Whichever field your business is in, you surely have heard this quote plenty of times: "Innovation is the key". What type of innovation is good for your company is another question, though. Today on the blog, we’re having a look at the concept of Open Innovation—and F&B Open Innovation in particular. Bear with us to understand why it's an option you should definitely consider if you are in the Food & Beverage market.
So, what's all the fuss about Open Innovation?
Traditional corporate research is all about secrecy. It's even considered an advantage to develop a brand new product or type of product that nobody can reproduce. Companies will typically spend years working in their own research laboratory, file tons of patents application and suddenly launch their innovative product—hoping to conquer an undisputed part of the market.
Considering this, the very concept of Open Innovation is disruptive. According to Henry Chesbrough, who coined the term, Open Innovation is a "more distributed, more participatory, more decentralized approach to innovation". If Chesbrough developed this concept, it's because he made a simple observation: no effective innovation could result from traditional research as knowledge is now widely distributed and not concentrated anymore. This "outside-in" innovation process is—still according to Chesbrough—a "more profitable way to innovate" as it will allow companies to reduce costs but at the same time increase speed to market and differentiation.
But Open Innovation doesn't stop at opening your innovation process to other startups, universities, corporate R&D, and venture capital. The "inside out" aspect to it means that you can invest in your unused or underused resources and participate in other parties' R&D processes. A win-win situation.
Coming back to F&B Open Innovation, it looks even more adequate to the booming markets of Plant-Based Meats and Health beverages. These fields are all about innovation and finding ways to rethink our eating and drinking habits.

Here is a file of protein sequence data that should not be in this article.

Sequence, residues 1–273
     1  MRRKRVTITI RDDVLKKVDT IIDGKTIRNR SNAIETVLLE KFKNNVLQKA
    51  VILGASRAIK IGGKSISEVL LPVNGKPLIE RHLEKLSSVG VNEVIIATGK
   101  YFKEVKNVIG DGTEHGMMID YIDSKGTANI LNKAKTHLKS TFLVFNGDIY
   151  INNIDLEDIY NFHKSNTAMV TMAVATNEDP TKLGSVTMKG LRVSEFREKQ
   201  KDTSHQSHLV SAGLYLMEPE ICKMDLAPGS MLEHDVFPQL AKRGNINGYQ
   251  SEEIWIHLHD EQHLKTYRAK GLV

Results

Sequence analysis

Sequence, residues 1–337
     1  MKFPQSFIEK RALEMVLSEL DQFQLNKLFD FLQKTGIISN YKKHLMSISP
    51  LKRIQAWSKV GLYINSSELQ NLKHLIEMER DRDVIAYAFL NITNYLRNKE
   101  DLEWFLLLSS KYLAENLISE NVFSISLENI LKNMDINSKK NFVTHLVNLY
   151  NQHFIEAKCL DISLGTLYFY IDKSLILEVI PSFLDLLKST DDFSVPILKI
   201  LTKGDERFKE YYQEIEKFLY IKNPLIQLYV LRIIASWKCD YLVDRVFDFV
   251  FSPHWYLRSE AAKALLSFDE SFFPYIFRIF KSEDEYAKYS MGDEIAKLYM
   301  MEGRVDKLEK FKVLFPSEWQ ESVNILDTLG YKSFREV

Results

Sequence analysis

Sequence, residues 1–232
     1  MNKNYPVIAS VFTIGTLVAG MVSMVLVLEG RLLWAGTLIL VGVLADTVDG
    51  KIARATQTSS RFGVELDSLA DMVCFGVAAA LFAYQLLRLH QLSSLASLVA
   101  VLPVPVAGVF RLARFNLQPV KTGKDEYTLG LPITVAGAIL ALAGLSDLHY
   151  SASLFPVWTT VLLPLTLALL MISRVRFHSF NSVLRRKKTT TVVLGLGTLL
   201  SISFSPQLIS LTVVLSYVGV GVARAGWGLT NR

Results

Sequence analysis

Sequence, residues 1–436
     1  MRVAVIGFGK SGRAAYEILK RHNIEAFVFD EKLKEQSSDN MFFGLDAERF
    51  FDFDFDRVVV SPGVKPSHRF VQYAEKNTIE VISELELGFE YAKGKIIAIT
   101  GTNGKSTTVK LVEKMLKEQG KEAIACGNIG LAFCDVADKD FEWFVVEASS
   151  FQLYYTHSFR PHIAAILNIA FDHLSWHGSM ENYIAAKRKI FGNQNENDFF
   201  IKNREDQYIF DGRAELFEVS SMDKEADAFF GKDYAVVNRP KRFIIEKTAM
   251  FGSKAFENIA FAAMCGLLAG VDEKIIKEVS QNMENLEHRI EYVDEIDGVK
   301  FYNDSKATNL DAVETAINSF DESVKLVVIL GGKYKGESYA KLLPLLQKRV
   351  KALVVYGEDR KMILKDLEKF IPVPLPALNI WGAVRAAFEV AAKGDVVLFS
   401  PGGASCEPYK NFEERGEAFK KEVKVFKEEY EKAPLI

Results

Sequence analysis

Plus, now is the best time to get your hands into it
Covid-19 crisis generated many things, from the gloomiest to more uplifting consequences. Among those things, Open Innovation boomed in fields related to health or food and beverages, bringing this concept under the spotlight. A perfect time if any to seize the occasion.
Since so many successful Open Innovation collaborations and projects are flourishing at this very moment, convincing potential partners will also be easier. Reasons refraining these potential actors to fully participate in Open Innovation projects range from not knowing how to tackle the task to the much-dreaded information leakage—may it be value, patents, or even ideas. If major actors such as Ford or 3M could take a leap of faith and be successful, you surely can too.
While this situation is a positive outcome of the Covid crisis, the pandemic is also putting more pressure on the F&B industry to develop more efficient, flexible business models along with a boom in the interest for healthier alternatives such as plant-based meat. Open Innovation is a key to access more sustainable, competitive production and distribution models.
Not only it is the right timing to plunge into Open Innovation, for some it is highly recommended to consider it in order to revitalize their business in the current situation.
Open Innovation and F&B: do they get along?
Simple answer: yes.
The good relation between Open Innovation and Food & Beverage did not wait for the pandemic to grow and get strong. In fact, we've seen several examples where the food industry has already embraced Open Innovation with great success. An excellent example is this crowdsourced Heineken Innovation.
Heineken Blade is a countertop draught beer dispenser, dubbed as the "Nespresso" for beers. As innovative and practical as it is—you just need a Heineken Blade, a refreshed 8 liters keg, a power source, and voilà—, this machine was created thanks to a collaborative web portal (not existing anymore) putting together the minds of consumers, startups, and even academia.
Another great example is Coca-Cola’s initiative in Southeast Asia. Willing to adapt to local consumers and indulge in a customer-driven F&B Open Innovation system, they tied up with local eateries to test out what customers were looking for in terms of new tastes in their Coke products. The experience is not fully an Open Innovation project as they are keeping the results secret for the moment, but still, they decided to “collaborate” with local customers so that they could adjust to this market—an excellent illustration of how the concept can help your business thrive.
Mapping out your Open Innovation strategy
Seduced already by the concept? You’re going to like our next step: let’s move to more concrete measures when developing F&B Open Innovation for your company.
First things first